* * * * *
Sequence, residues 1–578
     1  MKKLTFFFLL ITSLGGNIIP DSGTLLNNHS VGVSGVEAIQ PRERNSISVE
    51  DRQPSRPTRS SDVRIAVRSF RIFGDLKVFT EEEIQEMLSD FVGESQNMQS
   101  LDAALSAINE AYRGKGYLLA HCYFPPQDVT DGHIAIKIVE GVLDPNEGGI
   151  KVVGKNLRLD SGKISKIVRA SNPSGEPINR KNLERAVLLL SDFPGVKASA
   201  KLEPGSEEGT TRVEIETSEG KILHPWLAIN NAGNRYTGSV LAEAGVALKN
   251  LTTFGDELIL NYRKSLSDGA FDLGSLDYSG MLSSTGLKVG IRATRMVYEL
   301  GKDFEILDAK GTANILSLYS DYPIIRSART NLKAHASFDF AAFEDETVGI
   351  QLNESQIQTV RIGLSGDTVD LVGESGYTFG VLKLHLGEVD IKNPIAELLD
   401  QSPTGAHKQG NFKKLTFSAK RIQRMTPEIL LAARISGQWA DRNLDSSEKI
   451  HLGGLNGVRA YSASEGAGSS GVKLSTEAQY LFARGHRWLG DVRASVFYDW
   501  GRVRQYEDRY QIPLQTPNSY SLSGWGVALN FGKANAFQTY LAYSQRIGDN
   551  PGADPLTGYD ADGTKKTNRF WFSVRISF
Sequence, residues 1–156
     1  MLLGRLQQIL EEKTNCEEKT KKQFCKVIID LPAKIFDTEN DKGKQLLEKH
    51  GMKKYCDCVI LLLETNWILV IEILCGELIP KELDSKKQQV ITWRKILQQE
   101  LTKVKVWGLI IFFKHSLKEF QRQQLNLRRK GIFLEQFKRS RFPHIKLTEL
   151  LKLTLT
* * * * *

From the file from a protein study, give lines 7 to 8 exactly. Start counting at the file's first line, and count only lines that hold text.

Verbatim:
   251  LTTFGDELIL NYRKSLSDGA FDLGSLDYSG MLSSTGLKVG IRATRMVYEL
   301  GKDFEILDAK GTANILSLYS DYPIIRSART NLKAHASFDF AAFEDETVGI